As these matters proceed, we can expect to see disputes related to these issues as the case progresses. With such valuable and inspiring intellectual property at issue, and Disney’s longstanding commitment to the preservation of its asserted ownership rights, the dispute could be just as entertaining as any other in the Marvel universe. At least for the lawyers. 


LARINA ALTON, a registered patent attorney with the U.S. Patent and Trademark Office, is a litigation partner at Maslon LLP in Minneapolis. Her expertise includes patent, trademark, and copyright laws.   larina.alton@maslon.com  

GABRIEL RAMIREZ-HERNANDEZ, an attorney in Maslon’s litigation group, focuses on assisting clients in intellectual property disputes, insurance, construction, and general business litigation.   gabriel.ramirez-hernandez@maslon.com


Notes

1 17 U.S.C. §§203 (general termination of transfers and licenses) and 304 (c) (termination of transfers and licenses covering extended by the Copyright Term Extension Act).

2 See Community for Creative Non-Violence v. Reid, 490 U.S. 730, 109 S.Ct. 2166 (1989) (citing to Restatement (Second) of Agency §228 (1958)).

3 See Twentieth Century Fox Film Corp. v. Entertainment Distributing, 429 F.3d 869 (9th Cir. 2005).

4 The court will apply the “instance and expense” test even though the 2nd Circuit recognizes and employs the 13 factors set forth in Reid, 490 U.S. at 737 for rights vested after the 1976 Copyright Act. Compare Marvel Characters, Inc. v. Kirby, 726 F.3d 119, 137 (2d Cir. 2013) (applying instance and expense test to rights vested before 1976), with Horror Inc. v. Miller, 15 F.4th 232, 244 (2d Cir. 2021) (applying Reid factors to rights vested after enactment of 1976 act in the course of ruling that the screenwriter for the original Friday the 13th film could reclaim the rights to his script under the termination rights of Section 203 because, among other factors, he was not paid benefits and was not treated as an employee for tax purposes).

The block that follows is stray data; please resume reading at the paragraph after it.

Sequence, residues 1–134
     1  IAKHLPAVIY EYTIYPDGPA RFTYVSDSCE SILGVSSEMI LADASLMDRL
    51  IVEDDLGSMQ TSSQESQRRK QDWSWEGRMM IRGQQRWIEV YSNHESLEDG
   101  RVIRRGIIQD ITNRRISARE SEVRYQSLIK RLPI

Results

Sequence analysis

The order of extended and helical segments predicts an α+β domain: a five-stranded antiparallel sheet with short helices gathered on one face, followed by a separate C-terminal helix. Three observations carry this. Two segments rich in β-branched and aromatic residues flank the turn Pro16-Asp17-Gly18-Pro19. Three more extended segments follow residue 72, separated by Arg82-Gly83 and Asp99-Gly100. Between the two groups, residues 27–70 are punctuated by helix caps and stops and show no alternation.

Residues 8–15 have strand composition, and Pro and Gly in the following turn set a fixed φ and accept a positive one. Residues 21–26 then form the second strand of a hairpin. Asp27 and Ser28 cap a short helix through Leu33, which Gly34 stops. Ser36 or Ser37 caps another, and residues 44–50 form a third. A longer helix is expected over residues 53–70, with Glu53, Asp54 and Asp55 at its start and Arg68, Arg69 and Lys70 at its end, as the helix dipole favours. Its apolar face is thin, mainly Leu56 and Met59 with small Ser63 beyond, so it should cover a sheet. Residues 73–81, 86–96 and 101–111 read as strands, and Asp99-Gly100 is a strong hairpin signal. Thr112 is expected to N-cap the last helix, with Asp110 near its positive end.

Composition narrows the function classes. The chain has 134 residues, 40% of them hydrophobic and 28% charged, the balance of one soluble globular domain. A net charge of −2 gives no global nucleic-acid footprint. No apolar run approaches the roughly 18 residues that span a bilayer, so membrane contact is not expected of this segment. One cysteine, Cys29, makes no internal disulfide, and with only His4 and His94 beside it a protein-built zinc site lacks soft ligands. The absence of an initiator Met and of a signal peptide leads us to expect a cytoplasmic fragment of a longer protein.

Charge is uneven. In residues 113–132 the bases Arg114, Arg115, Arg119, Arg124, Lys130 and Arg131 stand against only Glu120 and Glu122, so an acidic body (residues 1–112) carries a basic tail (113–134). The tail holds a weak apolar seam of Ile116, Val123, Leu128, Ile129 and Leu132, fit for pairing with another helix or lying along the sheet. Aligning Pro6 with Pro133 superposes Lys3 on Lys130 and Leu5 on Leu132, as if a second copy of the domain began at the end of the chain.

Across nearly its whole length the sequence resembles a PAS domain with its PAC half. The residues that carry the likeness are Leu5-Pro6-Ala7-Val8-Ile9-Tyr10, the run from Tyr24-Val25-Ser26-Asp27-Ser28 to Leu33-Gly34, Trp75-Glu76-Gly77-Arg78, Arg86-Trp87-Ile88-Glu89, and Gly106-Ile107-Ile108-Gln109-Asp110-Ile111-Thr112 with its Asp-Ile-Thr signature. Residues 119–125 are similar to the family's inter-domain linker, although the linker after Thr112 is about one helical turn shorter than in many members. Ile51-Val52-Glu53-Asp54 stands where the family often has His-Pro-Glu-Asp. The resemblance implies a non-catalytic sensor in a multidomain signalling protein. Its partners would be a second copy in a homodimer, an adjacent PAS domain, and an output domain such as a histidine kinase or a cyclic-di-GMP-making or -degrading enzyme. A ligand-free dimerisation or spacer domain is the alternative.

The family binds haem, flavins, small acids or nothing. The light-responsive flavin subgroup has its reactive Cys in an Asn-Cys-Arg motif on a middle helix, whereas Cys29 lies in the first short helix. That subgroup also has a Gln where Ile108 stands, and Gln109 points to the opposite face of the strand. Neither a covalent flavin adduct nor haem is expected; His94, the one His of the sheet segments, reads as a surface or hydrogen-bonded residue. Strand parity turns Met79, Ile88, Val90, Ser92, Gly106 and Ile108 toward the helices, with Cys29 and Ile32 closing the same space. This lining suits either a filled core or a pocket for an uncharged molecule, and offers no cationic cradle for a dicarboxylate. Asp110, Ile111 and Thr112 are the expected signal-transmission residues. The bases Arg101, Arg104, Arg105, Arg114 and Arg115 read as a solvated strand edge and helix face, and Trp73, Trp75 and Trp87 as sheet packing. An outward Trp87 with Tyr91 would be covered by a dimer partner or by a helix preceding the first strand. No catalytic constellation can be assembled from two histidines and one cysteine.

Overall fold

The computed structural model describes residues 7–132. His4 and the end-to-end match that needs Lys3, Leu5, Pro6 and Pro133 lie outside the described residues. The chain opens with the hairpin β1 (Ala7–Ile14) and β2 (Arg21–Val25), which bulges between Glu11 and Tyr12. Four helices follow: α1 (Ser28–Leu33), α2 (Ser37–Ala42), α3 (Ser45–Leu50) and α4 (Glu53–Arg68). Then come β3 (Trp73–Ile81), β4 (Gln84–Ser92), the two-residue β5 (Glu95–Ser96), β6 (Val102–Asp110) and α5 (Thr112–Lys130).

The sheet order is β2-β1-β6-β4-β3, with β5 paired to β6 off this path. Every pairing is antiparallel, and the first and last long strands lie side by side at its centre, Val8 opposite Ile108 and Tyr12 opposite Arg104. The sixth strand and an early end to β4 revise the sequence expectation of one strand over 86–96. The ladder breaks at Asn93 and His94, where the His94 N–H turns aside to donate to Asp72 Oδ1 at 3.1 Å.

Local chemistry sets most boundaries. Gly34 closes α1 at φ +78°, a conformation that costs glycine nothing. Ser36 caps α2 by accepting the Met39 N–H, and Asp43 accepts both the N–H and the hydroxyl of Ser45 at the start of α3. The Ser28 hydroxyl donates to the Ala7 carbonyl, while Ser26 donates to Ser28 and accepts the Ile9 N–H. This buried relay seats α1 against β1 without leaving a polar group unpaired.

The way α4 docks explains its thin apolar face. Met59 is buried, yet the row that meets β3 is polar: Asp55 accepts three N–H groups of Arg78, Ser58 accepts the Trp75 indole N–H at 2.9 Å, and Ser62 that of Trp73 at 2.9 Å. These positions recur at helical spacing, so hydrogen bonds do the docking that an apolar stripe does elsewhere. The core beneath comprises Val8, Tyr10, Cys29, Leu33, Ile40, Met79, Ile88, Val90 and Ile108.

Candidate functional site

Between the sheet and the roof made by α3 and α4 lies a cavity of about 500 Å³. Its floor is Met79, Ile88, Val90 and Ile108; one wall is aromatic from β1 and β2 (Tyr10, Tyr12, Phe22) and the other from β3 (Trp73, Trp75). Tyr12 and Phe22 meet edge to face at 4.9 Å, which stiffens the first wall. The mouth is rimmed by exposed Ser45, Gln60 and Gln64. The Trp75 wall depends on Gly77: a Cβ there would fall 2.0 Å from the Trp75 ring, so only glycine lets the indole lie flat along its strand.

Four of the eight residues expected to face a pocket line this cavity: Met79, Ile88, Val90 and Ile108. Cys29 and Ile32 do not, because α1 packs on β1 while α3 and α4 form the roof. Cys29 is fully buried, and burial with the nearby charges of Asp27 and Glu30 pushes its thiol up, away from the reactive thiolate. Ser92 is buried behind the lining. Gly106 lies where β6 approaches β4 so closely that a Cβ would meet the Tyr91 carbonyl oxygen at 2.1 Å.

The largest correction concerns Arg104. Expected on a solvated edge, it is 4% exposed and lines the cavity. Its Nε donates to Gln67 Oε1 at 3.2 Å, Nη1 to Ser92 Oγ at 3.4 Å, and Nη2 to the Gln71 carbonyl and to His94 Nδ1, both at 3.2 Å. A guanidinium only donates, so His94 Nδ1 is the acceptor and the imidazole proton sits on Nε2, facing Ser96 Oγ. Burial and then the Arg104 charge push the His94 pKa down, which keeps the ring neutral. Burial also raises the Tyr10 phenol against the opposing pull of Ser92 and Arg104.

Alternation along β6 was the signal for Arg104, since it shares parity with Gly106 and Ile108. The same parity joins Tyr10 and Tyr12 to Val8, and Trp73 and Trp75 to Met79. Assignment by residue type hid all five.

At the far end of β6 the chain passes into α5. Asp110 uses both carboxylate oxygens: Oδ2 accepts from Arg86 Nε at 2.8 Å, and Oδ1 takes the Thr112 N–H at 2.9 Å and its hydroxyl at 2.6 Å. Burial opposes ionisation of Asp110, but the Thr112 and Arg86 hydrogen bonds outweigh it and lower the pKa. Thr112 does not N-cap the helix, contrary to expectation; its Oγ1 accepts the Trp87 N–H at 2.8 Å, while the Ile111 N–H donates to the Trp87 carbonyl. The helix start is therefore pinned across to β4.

5 Latimer v. Roaring Toyz, Inc., 601 F.3d 1224, 1235 (11th Cir. 2010).

6 17 U.S.C. §203 (a).

7 182 F.3d 1291, 1294 (11th Cir. 1999).

8 The 9th Circuit signaled approval of Korman’s interpretation of section 203 but the issue was not dispositive. Garcia v. Google, Inc., 786 F.3d 733, 743 (9th Cir. 2015) (disposing of injunctive relief for copyright infringement because plaintiff failed to establish that law clearly favored her position). One federal district court, without significant analysis, appeared to contradict Korman on this issue. See C.D.S., Inc. v. Zetler, 298 F. Supp. 3d 727, 765 (S.D.N.Y. 2018) (suggesting that an indefinite duration to an implied license precluded the creator’s rights under section 203). Because C.D.S. was recently decided in the same district in which Disney has filed for declaratory relief, its arguments contrary to Korman may have more traction there than in other forums. The 2nd Circuit recently alluded to independent contractors’ section 203 termination rights, but the defendant in that matter made no assertion that it enjoyed an implied license. Horror Inc., 15 F.4th at 256 (“In sum, Miller must be considered the author of the Screenplay, and the Act empowers him now to terminate the rights in the Screenplay that he earlier permitted the Companies.”).